Like many other Mid-westerners, I made my way to our local county fair last night for some good food and a look at the 4H projects. My mom accompanied me and as we wandered around, we saw a lot of things you’d expect to see at the fair: animals, quilts, funnel cakes…and then we stumbled upon something not so expected: a pollinator garden! In between two conservation buildings, where there once was just grass and dirt, our community planted perennial flowers known to draw in pollinators. What’s more is they labeled all of the plants and added in bee sculptures and signs to help inform people on the importance of pollinators.

Pollinator Garden

I love that the county took a part of the fairgrounds that was overlooked and made it into something special. I recognized a lot of the flowers they had planted, such as beebalm, coneflowers, black eyed susans and joe pye weed. There were a lot there that I didn’t recognize but thanks to the labeling I was able to see what it was: Himalayan Indigo, Appalachian Indigo-bush, Apricot Sprite Hyssop and more. I even found a bumble bee on some of the Himalayan Indigo! If you would like to learn what plants attract pollinators that would do well in your region, check out this free plant resource on

As we walked around we found some really cool signs to help educate people on what pollinators do, what pollinators are native to Indiana what goes into a pollinator habitat. One sign was from the conservationists, one was from NOAA and the other was from the Xerces Society for Invertebrate Conservation.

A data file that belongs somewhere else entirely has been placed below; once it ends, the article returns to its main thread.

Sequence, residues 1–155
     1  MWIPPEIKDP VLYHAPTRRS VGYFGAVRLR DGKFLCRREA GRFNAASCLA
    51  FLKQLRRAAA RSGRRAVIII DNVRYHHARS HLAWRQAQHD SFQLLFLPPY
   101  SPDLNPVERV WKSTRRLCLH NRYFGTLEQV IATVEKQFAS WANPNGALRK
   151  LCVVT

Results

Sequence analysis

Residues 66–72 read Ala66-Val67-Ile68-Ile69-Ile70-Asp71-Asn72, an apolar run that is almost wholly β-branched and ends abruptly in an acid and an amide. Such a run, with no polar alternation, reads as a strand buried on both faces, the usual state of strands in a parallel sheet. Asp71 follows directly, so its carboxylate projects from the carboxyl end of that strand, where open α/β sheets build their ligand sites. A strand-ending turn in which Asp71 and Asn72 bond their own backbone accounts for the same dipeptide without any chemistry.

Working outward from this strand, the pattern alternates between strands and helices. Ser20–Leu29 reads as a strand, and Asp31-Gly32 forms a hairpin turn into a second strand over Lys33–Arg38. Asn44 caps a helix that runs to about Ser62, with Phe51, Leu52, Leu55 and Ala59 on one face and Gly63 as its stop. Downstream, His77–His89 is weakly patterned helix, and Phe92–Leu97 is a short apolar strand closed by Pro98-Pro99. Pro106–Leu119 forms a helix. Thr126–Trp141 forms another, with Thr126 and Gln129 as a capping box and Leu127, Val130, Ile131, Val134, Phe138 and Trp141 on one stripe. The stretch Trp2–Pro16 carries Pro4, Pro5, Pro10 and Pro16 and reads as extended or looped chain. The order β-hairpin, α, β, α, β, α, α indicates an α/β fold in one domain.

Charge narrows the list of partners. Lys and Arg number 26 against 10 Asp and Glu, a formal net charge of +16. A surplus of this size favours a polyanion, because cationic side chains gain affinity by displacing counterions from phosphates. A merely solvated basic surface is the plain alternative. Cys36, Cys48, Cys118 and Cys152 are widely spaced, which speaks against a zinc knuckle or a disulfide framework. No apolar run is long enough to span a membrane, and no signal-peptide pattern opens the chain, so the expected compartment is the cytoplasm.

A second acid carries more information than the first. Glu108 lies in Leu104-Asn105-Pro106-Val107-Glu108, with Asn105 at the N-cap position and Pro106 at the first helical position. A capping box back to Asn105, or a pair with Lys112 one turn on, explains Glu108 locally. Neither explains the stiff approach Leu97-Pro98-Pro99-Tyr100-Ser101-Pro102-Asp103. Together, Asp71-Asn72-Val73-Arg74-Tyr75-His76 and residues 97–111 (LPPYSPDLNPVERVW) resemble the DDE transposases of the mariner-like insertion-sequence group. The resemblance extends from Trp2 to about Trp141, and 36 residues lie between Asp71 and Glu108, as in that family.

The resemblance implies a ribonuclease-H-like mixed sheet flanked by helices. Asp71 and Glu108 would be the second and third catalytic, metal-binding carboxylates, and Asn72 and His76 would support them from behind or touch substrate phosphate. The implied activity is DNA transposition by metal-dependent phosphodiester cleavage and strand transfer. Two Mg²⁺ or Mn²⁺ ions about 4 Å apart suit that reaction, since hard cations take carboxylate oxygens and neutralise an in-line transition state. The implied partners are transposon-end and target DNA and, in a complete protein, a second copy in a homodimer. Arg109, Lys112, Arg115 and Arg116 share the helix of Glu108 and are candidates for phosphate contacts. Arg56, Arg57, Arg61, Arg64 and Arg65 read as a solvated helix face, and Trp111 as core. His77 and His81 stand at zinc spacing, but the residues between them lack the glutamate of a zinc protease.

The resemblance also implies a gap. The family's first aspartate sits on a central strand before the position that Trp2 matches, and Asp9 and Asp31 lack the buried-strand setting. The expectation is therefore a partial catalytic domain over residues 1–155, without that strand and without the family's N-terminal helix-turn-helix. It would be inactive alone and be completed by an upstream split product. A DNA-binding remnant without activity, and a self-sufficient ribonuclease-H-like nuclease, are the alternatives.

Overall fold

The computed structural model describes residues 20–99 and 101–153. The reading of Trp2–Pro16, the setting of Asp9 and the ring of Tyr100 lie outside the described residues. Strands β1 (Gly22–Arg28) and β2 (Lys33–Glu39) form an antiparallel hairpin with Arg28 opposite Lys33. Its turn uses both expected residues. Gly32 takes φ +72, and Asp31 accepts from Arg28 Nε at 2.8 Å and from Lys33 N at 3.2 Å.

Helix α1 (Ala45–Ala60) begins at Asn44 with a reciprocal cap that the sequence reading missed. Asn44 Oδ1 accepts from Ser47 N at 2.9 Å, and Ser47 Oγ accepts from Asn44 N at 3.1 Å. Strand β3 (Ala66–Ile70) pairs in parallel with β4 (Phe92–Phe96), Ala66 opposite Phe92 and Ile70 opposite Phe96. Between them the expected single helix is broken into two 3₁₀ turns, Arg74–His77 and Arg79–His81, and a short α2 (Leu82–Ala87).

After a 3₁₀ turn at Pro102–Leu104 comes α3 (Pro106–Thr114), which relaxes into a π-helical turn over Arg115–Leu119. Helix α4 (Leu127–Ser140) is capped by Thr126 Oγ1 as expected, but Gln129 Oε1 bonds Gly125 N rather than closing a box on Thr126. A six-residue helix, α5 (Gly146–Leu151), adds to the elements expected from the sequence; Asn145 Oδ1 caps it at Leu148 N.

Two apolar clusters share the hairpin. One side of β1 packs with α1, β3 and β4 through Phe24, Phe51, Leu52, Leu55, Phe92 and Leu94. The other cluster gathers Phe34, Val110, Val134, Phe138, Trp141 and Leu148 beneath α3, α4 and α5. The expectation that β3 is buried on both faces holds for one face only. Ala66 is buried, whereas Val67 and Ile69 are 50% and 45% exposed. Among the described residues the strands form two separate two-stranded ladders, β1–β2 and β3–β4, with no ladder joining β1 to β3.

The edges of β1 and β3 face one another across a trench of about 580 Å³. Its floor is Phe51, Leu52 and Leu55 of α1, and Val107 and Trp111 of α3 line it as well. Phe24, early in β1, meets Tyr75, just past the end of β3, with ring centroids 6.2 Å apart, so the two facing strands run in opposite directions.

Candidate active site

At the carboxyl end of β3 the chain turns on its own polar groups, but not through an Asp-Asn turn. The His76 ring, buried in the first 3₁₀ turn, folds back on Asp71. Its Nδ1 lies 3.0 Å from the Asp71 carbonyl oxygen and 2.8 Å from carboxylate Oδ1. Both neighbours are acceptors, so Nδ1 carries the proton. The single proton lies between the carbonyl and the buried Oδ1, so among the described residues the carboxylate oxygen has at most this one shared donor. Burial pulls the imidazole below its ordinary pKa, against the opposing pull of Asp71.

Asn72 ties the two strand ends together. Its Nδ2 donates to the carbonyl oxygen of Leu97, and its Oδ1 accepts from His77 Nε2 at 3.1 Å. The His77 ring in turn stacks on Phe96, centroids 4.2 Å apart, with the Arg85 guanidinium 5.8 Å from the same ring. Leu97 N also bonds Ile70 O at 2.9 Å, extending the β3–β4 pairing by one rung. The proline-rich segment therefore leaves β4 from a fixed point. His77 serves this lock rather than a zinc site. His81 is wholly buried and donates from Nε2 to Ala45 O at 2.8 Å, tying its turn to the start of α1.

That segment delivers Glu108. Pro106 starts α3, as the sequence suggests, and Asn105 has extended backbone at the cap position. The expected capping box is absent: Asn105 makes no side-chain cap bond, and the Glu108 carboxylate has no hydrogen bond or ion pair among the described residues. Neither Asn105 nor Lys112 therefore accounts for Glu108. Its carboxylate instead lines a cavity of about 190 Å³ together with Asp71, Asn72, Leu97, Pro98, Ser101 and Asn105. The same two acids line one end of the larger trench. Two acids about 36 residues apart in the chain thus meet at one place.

Pollinator Habitat Sign

Native Bees Sign

Pollinator Power

We also overheard a mother walking with her 4 daughters in tow, saying how pollinators were important. The youngest one affirmed, “they provide the food we eat!” I was so happy to hear that they knew why pollinators are important. This public space helped start a conversation about pollinators and instead of children running away in fear of bees, they were exploring the garden hoping to find some.

Towards the back of the garden, there were benches to sit on, a water garden and compost bins. I haven’t been to our local county fair in years, so I am not sure how new the pollinator garden is. I am just happy to have it in our community for people to enjoy and hopefully learn a couple of tips to attract pollinators to their own yard. Find a pollinator garden near you by checking out this map from